Police officers who violate the rights of civilians will take individual responsibility, Interior CS Fred Matiang’i has said.
The CS said that the officers will be subjected to the law. His warning comes at a time when members of the public have raised concerns over increased police brutality across the country.
The CS said this after he met a group of more than 20 civil society organisations and non-state actors at the Kenya School of Government in Kabete.
A handful of uncultured police officers
Dr Matiang’i condemned the conduct of what he called a handful of uncultured police officers and asked members of the public not to judge the entire service.
“We have challenges in our law enforcement, and we must all rise and start dealing with them collectively instead of creating a stigma around the police. We invite our colleagues from civil society organisations to join us in improving the civil-police relations. Help the public appreciate the sacrifices made by our officers,” he said.
The CS added that officers bear the burden of maintaining national security, which is never easy and they have to sacrifice a lot. Still, they are under-appreciated for their work.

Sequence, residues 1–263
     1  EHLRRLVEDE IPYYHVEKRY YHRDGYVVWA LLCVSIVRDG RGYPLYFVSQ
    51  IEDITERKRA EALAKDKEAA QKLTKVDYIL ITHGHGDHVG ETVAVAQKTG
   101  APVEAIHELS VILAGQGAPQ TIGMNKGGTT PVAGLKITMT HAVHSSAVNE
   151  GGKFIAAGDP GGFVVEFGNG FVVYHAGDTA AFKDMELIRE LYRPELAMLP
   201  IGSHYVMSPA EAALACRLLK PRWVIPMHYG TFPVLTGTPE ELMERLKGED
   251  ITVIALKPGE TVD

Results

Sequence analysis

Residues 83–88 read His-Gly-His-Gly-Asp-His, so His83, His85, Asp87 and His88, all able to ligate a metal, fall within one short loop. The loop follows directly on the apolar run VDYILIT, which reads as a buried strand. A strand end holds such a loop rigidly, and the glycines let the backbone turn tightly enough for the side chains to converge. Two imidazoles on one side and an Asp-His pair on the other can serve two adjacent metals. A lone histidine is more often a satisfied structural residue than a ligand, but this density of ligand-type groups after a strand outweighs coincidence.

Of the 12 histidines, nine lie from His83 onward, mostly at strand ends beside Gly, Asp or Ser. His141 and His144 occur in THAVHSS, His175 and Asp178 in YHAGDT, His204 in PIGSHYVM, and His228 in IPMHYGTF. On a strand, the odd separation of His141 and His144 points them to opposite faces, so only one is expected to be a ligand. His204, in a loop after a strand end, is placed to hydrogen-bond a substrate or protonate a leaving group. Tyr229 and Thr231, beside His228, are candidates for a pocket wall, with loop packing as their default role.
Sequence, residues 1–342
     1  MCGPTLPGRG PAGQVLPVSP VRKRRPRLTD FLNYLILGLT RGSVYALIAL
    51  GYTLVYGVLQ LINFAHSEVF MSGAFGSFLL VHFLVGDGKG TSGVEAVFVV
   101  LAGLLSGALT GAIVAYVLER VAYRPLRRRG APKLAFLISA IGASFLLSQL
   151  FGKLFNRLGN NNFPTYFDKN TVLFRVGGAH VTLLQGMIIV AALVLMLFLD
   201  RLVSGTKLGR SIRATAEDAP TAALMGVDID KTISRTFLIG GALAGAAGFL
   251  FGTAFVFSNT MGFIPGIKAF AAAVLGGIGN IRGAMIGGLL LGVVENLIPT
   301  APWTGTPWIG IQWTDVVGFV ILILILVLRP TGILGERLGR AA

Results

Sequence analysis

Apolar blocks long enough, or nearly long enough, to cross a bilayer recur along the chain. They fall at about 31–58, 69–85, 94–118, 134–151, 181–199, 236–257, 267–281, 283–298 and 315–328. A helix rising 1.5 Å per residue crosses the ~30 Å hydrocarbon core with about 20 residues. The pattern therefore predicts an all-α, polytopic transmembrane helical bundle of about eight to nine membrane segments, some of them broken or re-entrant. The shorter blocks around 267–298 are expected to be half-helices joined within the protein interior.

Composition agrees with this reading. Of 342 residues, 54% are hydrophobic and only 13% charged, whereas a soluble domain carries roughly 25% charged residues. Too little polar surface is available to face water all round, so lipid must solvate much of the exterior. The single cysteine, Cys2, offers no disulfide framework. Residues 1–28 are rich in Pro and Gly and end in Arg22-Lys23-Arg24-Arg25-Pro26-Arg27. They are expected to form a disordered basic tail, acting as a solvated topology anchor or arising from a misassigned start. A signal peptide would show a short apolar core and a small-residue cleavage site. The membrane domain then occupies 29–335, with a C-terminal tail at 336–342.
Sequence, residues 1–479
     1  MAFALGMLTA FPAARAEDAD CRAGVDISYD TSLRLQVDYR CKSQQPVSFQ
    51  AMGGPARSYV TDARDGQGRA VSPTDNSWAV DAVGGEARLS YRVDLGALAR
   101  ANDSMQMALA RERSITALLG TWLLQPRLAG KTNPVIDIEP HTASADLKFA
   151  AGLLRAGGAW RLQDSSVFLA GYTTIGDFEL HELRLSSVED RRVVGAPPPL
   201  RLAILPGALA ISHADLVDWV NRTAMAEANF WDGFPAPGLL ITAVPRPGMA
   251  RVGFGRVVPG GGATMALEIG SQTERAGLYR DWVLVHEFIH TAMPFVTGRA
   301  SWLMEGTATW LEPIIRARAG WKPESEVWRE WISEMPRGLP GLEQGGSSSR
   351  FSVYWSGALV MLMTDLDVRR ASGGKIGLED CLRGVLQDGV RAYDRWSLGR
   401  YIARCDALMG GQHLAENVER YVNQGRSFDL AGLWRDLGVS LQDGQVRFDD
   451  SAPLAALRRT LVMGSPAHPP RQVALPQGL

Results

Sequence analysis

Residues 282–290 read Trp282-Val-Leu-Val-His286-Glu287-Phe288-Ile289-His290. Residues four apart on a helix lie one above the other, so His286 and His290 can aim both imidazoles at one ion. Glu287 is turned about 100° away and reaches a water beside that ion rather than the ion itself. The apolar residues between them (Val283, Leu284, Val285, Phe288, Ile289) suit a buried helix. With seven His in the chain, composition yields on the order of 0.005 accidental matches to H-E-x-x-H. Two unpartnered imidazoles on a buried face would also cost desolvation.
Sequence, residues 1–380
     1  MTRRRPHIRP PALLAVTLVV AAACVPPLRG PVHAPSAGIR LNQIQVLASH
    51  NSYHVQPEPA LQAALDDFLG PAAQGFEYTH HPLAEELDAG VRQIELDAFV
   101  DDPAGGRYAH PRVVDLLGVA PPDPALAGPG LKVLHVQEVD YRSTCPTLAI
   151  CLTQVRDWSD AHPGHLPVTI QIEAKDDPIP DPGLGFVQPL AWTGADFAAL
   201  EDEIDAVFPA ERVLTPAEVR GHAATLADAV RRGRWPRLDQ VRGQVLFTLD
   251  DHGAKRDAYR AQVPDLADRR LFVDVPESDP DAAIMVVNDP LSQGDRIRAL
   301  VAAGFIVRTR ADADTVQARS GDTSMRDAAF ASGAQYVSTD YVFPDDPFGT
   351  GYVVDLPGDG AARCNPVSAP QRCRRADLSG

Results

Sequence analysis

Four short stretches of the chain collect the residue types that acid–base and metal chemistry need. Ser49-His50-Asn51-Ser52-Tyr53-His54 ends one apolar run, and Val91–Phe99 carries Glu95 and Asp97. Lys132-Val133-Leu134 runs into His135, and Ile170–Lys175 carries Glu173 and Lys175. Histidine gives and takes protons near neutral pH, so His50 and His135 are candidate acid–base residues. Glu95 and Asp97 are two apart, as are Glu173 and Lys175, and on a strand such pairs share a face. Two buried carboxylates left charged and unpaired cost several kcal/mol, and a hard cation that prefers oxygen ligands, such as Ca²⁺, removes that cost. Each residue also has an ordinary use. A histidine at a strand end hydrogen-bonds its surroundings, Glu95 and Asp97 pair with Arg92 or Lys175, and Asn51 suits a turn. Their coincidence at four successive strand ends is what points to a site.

At times, he said, even police officers are roughed up by members of the public and even killed, and no one talks about it.
He also slammed unsubstantiated claims about the misconduct of law enforcement officers.
“We won’t run away from taking responsibility, but we will continue investigating the reports submitted by all our stakeholders and ultimately go the direction facts will take us,” he said.
Referencing the recent claims about the use of excessive force on unarmed civilians, the CS stated that police violence remains a global challenge. He added that all cases lodged against errant officers will be taken to their logical conclusions to ensure justice is served to the victims.
Inspector General of Police Hillary Mutyambai said the Service, through the Internal Affairs Unit (IAU), continues to discipline officers found violating law enforcement policies even before forwarding them for further investigation and possible prosecution.
The Office of the Director of Public Prosecution (ODPP) has been working on 171 files on claims on police violence, and 81 cases are currently in court.
Twenty-three of them resulted in death. DPP Noordin Haji divulged that he had formed a specialised unit to expedite the prosecution of cases related to police excesses.
The Sixth Schedule of The National Police Service Act outlines when officers are allowed to use force, which must be proportional to the objective to be achieved, the seriousness of the offence, and the resistance of the person against whom it is used.
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